Illinois Lawmakers Mull Smoking in Casinos, Bars

Two current bills under consideration by the Illinois General Assembly are expected to generate increased revenues for the state. They would allow smoking in gaming facilities and eligible businesses that have liquor licenses. The International Premium Cigar & Pipe Retailers Association favors both proposals and today urged their passage.

House Bill 171 allows smoking in designated segregated ventilated smoking rooms in licensed gaming facilities. House Bill 1310 provides that local liquor control commissions have the power to issue smoking licenses to bars and other adult-oriented establishments that have revenues with no more than 10 percent from food sales.

"The so-called Smoke Free Illinois Act prohibited smoking in all indoor workplaces and public places including bars/taverns, restaurants, private clubs and casinos beginning January 1, 2008. These bills back off at least somewhat from that draconian, irrational position by allowing, under certain circumstances, smoking in casinos and cigar bars and other adult places. As we see it, this would be a return to reason and we support their passage," said Chris McCalla, legislative director of the IPCPR.

McCalla noted that the Illinois Gaming Board has confirmed that passage of HB 171 "could have a positive impact on revenues" and it is generally acknowledged that re-creation of cigar bars also will generate increased revenues for the state as well as local authorities through licensing, taxes, jobs and sales taxes.

"It’s the smart thing to do," said McCalla. "It’s good for business, good for jobs and good for the state. "

The Federal Reserve Bank of St. Louis has declared that the current statewide smoking ban was the primary reason that its nine casinos lost $400 million in revenues in its first year. The study showed that the smoking ban was chiefly responsible for a 22 percent decline in revenues compared to recent years. It was also responsible for the improved or more stable performance of casinos in nearby states during the same period. In addition, local communities also lost over $12 million in casino tax revenues.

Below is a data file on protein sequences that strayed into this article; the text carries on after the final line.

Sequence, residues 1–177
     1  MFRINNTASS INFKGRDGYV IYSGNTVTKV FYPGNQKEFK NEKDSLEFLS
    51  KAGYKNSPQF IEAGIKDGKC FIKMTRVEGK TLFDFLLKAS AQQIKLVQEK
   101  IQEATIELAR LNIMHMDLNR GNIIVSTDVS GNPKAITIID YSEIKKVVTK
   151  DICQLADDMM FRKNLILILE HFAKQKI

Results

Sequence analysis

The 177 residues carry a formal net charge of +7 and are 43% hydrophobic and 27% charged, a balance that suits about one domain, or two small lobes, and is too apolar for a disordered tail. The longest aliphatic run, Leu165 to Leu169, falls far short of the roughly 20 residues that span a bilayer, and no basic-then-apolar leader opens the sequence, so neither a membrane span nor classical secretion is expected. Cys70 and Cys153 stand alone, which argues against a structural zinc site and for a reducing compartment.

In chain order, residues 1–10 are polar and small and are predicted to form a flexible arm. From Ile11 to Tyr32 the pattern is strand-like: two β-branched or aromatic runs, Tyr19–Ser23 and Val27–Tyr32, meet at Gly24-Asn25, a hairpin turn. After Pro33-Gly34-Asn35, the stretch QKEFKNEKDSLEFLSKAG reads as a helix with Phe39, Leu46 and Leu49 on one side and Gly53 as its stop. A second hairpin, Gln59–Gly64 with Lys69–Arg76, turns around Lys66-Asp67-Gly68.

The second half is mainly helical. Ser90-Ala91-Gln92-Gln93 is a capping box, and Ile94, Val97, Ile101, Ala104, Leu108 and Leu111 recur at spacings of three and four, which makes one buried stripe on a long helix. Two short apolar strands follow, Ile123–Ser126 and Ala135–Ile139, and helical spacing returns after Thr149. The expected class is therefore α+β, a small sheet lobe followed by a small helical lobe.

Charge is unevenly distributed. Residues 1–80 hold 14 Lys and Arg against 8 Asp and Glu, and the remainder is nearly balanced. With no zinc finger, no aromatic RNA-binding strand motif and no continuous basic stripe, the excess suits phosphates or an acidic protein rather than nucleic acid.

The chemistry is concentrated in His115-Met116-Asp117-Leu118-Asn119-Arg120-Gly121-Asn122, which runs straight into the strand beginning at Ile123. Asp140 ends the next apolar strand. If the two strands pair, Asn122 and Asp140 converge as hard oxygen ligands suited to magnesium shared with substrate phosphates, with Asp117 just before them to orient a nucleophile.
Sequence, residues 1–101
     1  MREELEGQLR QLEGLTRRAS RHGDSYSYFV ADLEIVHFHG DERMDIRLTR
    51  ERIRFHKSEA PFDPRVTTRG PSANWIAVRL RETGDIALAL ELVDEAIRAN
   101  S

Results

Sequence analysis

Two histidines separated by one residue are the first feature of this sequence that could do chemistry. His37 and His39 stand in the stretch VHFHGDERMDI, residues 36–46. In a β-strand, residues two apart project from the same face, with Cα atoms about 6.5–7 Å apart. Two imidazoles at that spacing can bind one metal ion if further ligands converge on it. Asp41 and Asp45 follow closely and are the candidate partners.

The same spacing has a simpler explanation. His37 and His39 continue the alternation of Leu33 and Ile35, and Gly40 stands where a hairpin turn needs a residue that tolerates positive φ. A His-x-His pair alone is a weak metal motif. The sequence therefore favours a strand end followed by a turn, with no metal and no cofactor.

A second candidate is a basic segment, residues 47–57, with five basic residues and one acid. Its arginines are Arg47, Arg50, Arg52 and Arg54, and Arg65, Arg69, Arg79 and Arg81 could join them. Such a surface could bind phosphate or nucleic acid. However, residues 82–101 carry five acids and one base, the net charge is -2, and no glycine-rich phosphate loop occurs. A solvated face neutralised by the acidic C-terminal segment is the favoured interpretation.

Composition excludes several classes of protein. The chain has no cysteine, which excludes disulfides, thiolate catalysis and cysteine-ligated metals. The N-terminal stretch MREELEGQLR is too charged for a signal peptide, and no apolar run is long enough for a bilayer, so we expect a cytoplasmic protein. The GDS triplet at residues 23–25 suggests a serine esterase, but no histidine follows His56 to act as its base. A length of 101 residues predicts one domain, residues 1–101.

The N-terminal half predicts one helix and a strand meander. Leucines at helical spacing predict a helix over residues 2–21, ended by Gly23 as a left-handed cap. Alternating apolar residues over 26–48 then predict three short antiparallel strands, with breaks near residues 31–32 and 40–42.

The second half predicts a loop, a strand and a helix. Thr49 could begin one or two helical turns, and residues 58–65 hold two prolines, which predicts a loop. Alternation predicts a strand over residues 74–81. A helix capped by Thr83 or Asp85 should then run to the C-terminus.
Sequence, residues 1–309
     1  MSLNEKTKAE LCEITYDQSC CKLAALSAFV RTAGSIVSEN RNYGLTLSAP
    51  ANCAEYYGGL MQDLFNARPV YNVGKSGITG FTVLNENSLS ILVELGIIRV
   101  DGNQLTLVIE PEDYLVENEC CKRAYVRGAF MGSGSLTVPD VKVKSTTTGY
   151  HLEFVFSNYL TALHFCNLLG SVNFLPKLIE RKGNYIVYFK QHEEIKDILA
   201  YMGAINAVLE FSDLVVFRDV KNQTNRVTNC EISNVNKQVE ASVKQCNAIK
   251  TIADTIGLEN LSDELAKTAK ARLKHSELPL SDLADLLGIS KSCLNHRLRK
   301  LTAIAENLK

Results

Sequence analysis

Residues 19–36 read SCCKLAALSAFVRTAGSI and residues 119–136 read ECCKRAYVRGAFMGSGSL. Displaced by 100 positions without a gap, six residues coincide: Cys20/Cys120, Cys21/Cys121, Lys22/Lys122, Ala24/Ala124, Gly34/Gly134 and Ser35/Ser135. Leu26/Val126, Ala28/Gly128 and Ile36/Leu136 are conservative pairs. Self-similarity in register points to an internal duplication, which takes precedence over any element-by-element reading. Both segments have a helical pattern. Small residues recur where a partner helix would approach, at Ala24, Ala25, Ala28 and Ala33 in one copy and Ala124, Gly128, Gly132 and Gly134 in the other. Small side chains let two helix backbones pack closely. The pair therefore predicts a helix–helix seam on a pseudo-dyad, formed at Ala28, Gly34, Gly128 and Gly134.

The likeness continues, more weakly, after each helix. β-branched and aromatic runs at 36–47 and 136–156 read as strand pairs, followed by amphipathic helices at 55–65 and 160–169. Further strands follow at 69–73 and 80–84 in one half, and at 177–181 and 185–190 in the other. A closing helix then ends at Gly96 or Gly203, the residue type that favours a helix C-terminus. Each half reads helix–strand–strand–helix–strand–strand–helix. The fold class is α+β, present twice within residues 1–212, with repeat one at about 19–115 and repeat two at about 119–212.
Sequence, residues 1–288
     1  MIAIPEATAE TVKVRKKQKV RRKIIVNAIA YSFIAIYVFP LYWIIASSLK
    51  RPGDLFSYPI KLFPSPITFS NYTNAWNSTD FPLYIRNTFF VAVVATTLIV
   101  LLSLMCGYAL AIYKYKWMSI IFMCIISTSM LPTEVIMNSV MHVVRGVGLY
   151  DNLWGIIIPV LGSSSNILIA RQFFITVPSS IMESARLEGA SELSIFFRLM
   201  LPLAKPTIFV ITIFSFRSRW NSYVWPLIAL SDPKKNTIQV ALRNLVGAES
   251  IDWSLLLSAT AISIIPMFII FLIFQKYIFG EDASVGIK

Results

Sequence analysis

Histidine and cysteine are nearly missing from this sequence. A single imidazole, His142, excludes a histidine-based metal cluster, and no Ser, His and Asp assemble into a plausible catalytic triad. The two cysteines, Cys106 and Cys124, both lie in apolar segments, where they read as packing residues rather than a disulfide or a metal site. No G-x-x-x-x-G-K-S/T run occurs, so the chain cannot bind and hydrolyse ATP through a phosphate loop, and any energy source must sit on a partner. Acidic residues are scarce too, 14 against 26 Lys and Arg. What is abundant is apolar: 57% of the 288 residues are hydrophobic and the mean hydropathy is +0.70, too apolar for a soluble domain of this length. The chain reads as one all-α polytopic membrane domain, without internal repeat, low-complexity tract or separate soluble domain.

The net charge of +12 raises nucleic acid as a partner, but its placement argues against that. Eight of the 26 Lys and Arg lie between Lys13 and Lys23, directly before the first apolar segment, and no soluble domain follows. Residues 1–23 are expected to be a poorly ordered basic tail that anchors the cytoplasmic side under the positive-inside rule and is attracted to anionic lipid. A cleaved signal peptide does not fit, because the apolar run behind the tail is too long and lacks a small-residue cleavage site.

For those concerned about secondhand smoke, don’t be, McCalla advised. He cited the safe levels of secondhand smoke established by the U.S. Department of Labor’s Occupational Safety and Health Administration.

"There is a falsely placed prejudice regarding secondhand smoke that never should have been allowed to fester in the first place. Even OSHA has established safe levels of secondhand smoke and those levels are literally thousands of times higher than normally found in bars and restaurants that allow smoking."

2 Responses

  • So lemme get this straight: second hand smoke isn’t a health hazard provided the politicians need the tax revenue? Somebody carry the word to Maryland’s politicians because they’re about to make the same mistake Illinois’ politicians did.

  • Wow! These Illinois law makers are a bunch of geniuses. So as long as it makes money, its ok. Maybe they should have done these studies before they started listening to a minority instead of the majority who didn’t want this law to begin with. Now that they’ve pretty much bankrupted this state, they’re going to do whatever they can to make money and save they’re own jobs.